Daughter Xenia and I went to an alpaca farm today. Here are some of the pictures:
The two pictures below were taken at the same time. The one on the left by Xenia and the one on the right by me:
They have a variety of colors and some enjoy having their neck scratched (neck scratch photo by Xenia):
They have some very odd (to me) toes:
They are raised primarily for their fiber. It has some interesting characteristics (from Wikipedia):
Alpaca fiber is used for making knitted and woven items, similar to wool. These items include blankets, sweaters, hats, gloves, scarves, a wide variety of textiles and ponchos in South America, and sweaters, socks, coats and bedding in other parts of the world. The fiber comes in more than 52 natural colors as classified in Peru, 12 as classified in Australia and 16 as classified in the United States.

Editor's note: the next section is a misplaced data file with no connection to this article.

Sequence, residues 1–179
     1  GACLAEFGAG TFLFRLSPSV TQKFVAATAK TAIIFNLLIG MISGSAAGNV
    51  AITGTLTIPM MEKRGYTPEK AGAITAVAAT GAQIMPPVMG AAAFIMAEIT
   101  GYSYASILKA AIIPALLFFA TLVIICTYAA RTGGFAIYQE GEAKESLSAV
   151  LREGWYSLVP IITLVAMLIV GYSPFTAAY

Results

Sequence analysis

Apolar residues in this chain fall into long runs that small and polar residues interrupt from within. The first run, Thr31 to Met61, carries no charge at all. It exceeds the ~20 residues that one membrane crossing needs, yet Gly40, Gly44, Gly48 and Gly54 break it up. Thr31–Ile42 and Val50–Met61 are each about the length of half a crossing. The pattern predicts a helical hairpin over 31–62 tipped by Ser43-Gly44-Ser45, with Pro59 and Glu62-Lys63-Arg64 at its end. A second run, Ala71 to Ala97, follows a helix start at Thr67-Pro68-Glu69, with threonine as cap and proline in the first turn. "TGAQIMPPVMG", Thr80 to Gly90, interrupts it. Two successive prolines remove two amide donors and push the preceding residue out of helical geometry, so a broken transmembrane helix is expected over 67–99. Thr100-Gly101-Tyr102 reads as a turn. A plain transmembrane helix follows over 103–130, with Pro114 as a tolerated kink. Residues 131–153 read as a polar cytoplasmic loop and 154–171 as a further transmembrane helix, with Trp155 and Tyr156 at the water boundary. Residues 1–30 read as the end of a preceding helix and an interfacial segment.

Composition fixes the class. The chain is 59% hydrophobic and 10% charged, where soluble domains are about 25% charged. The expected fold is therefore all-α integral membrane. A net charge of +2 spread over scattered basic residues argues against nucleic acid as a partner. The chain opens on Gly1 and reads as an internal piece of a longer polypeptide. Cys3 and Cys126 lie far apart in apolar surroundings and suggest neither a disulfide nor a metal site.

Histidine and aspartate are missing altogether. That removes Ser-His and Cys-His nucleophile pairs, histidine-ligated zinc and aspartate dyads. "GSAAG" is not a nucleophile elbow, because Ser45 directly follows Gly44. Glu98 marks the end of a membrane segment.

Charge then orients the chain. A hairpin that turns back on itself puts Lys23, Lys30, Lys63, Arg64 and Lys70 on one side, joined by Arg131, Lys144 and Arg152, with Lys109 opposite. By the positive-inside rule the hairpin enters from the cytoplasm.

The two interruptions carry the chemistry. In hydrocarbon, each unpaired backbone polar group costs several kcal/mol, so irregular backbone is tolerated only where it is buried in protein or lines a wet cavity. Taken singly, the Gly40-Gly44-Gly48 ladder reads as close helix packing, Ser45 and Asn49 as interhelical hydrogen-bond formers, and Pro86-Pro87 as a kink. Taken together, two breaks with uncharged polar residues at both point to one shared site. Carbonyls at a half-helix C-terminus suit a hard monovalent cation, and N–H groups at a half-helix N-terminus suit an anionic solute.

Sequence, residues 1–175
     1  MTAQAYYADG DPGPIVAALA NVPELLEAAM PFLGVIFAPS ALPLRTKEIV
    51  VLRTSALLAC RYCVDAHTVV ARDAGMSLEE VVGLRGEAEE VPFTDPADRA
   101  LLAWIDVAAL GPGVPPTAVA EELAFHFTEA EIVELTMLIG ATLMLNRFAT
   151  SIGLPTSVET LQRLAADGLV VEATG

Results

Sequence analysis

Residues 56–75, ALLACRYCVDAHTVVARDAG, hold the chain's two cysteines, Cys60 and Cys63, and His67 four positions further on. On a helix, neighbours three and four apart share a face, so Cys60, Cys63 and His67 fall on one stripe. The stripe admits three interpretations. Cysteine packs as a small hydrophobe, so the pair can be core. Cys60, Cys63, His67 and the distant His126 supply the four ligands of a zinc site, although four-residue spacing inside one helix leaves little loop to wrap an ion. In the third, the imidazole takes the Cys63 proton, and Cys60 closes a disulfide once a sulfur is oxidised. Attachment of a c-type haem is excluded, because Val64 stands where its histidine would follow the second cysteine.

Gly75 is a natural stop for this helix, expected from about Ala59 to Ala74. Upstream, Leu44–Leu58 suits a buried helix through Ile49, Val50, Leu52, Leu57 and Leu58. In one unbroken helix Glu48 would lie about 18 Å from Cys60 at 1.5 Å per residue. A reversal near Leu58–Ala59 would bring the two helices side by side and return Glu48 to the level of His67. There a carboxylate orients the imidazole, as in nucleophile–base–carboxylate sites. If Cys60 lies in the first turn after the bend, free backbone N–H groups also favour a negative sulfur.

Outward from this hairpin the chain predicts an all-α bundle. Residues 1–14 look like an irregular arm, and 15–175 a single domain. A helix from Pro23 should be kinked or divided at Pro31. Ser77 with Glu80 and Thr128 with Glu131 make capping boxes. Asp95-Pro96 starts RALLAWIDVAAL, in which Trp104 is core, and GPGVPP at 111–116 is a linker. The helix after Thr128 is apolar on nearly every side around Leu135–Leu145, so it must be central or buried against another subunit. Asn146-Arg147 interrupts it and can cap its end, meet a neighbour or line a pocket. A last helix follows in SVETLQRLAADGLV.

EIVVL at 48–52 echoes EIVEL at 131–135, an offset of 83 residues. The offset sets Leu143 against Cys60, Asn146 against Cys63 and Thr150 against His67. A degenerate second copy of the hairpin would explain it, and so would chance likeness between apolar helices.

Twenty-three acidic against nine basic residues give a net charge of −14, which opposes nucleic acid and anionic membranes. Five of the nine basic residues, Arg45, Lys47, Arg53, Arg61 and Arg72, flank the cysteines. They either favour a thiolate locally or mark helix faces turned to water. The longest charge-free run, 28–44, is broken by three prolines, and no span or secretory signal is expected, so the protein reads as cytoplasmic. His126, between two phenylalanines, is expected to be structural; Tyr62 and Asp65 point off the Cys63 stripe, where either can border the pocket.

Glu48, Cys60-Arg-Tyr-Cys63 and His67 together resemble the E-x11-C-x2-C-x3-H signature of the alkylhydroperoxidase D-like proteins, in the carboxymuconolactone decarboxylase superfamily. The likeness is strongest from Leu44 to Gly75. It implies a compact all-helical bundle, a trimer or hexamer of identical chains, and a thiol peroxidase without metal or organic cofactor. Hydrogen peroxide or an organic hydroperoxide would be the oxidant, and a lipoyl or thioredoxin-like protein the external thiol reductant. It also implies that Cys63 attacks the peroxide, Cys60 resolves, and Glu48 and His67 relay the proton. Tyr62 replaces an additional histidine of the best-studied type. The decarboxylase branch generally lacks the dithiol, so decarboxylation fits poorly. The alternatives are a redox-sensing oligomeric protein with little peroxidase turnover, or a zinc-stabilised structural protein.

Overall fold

Alpaca fleece is a lustrous and silky natural fiber. While similar to sheep’s wool, it is warmer, not prickly, and bears no lanolin, which makes it hypoallergenic. Without lanolin, it does not repel water. It is also soft and luxurious. In physical structure, alpaca fiber is somewhat akin to hair, being very glossy. The preparing, carding, spinning, weaving and finishing process of alpaca is very similar to the process used for wool. Alpaca fiber is also flame-resistant, and meets the US Consumer Product Safety Commission’s standards.
We saw people carding, spinning, and weaving the fiber:
Alpacas have been domesticated for thousands of years and I found them to be far more interesting than I expected.
We looked at a couple of these mini-camels during the MN state fair- Thinking about adding some to the menagerie. Very nice fiber, the fleeces are worth serious ca$h, even before processing-